On 21 November 2008, the Victorian Government issued a media
release announcing that it had moved to close a loophole which
allowed the use of complex long-term lease arrangements to escape
stamp duty liability. The changes take effect immediately. However,
the media release provides little detail as to the exact types of
long-term leases that are affected.
What types of long-term leases are affected?
The media release provides that "long-term lease
schemes allow a small number of parties to use and control leased
land equivalent to ownership without having to pay the appropriate
stamp duty" and that effectively "a purchaser
can acquire rights which are equivalent to ownership but not pay
The media release provides that "typically these
arrangements are used at the top end of the property
market" and that the changes "will not affect
those entering into ordinary commercial leases".
The media release does provide that the changes will bring
Victoria closer into line with other jurisdictions.
However, the media release provides no further detail on the
types of long-term leases that will be affected. Questions that are
left unanswered include:
What length of lease term (e.g. 50 years or 99 years?) will be
required for a lease to qualify as a long-term lease?
How will options to renew be treated?
Will the changes only apply to leases with a lease premium or
where the rent has been pre-paid?
Will the changes apply to Crown leases?
When do the changes take effect?
The Government states in the media release that legislation to
affect the changes will be introduced during the current session of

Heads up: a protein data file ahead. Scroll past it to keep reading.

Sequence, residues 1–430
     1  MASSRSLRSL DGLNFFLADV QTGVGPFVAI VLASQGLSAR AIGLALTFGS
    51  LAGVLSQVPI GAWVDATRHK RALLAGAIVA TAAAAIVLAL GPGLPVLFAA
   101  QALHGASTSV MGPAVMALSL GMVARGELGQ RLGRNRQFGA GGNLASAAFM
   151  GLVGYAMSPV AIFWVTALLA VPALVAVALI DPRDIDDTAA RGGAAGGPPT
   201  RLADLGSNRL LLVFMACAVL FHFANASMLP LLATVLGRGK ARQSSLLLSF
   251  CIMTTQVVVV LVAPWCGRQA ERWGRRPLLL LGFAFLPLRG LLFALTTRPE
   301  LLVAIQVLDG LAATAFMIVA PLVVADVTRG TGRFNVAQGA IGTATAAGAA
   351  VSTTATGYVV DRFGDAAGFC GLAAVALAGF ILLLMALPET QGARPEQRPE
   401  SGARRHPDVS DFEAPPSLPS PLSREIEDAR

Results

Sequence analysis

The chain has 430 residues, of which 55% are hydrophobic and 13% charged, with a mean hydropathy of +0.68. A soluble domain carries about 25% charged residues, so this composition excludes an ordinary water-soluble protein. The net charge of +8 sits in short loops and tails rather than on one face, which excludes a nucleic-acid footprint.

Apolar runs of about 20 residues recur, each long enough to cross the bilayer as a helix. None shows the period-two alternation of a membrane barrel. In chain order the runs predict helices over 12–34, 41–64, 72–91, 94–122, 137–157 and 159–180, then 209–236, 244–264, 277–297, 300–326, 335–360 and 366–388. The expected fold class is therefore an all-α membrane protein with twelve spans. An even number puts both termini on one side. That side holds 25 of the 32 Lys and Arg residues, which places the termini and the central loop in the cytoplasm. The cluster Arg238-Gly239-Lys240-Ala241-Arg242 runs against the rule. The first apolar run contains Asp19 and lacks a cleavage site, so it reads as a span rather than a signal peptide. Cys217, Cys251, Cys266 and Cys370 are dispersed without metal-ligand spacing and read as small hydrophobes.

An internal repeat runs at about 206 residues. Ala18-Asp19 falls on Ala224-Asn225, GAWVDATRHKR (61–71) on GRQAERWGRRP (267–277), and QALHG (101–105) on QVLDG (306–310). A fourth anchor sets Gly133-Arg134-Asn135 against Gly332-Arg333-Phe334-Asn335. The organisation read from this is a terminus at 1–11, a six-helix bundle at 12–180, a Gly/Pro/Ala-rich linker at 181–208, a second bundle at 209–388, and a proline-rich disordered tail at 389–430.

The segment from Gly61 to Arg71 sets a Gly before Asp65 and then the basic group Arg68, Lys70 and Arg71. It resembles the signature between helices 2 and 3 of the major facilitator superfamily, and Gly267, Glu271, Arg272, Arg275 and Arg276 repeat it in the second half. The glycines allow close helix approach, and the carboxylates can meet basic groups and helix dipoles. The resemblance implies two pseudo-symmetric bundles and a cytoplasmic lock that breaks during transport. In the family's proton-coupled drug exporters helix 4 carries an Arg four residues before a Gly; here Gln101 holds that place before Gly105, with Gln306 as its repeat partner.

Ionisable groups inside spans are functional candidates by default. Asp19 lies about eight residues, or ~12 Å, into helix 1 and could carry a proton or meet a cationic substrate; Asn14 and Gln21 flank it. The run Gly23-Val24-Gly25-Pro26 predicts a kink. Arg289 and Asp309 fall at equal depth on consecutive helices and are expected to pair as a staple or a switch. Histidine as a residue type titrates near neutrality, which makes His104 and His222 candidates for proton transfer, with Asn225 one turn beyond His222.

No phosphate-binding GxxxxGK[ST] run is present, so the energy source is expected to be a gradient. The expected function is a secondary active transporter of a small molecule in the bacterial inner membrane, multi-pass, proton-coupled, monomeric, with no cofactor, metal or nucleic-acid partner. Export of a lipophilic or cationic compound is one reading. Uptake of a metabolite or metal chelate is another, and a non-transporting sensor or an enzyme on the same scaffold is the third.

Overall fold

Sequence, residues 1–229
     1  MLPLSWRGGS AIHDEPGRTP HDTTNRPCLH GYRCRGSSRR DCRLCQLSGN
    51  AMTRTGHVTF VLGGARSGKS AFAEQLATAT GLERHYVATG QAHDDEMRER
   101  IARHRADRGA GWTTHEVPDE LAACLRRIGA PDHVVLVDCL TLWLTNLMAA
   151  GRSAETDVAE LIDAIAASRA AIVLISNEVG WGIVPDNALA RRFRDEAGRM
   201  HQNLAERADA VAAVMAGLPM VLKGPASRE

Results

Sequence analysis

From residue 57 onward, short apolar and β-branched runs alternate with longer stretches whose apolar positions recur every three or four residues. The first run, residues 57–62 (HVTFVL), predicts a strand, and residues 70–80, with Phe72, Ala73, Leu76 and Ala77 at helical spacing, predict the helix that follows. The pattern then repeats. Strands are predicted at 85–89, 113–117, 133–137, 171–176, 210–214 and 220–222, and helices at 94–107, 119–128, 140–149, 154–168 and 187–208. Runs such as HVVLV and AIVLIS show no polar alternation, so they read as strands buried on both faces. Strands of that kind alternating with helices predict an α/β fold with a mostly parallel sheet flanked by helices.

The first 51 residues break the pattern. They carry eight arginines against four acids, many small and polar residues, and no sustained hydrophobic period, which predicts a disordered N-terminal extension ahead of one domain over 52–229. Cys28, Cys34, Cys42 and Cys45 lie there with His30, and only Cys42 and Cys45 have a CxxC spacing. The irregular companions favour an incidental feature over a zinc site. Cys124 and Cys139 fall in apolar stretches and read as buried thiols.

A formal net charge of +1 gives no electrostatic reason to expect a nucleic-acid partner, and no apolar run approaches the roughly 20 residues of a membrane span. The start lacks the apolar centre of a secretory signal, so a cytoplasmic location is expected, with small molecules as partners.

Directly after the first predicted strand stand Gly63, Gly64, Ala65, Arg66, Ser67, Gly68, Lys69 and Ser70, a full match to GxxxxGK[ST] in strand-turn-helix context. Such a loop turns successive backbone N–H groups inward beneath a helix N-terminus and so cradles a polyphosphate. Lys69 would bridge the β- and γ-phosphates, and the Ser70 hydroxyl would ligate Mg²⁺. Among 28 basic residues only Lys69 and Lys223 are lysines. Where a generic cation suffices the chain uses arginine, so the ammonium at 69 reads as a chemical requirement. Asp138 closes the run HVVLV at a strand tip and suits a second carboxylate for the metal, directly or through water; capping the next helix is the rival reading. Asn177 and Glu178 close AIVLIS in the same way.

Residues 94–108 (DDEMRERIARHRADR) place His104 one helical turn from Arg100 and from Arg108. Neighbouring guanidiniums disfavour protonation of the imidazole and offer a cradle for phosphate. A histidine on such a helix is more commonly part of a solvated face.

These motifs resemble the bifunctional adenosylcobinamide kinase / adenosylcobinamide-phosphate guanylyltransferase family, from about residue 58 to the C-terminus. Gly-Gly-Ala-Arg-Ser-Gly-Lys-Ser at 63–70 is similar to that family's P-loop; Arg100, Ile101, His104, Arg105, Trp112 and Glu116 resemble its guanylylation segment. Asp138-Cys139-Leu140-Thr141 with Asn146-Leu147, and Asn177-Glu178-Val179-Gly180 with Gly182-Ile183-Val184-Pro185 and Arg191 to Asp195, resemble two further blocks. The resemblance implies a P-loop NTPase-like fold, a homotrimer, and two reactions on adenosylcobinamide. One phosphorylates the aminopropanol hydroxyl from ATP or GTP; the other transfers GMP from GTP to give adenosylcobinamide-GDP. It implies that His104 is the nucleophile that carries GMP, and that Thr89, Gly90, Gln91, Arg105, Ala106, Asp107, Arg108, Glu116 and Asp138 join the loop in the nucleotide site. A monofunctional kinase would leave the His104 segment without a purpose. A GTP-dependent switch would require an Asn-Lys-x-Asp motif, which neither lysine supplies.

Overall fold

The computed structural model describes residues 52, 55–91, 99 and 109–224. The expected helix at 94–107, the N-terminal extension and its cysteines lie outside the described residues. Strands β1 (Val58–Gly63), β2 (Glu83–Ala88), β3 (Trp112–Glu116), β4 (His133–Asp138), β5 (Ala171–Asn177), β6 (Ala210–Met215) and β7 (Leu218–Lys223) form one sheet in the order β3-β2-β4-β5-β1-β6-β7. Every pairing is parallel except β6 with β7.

Parliament and that the changes will take effect immediately from
the date of the media release. Given next week is Parliament's
last sitting week this year, legislation can be expected to be
introduced next week, but is unlikely to be passed until Parliament
resumes sitting next year.
Who could be affected by the changes?
Property developers using long-term lease structures are likely
to be affected by the changes.
Depending on the extent of the changes, retirement village and
aged care facility operators may also be affected. Residents are
commonly given tenure through long-term lease arrangements.
Likewise, operators of such facilities are commonly provided with
rights to communal facilities through long-term lease
The content of this article is intended to provide a general
guide to the subject matter. Specialist advice should be sought
about your specific circumstances.
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Many retail leases include a covenant to trade, requiring the tenant to open the premises for trade during certain hours.
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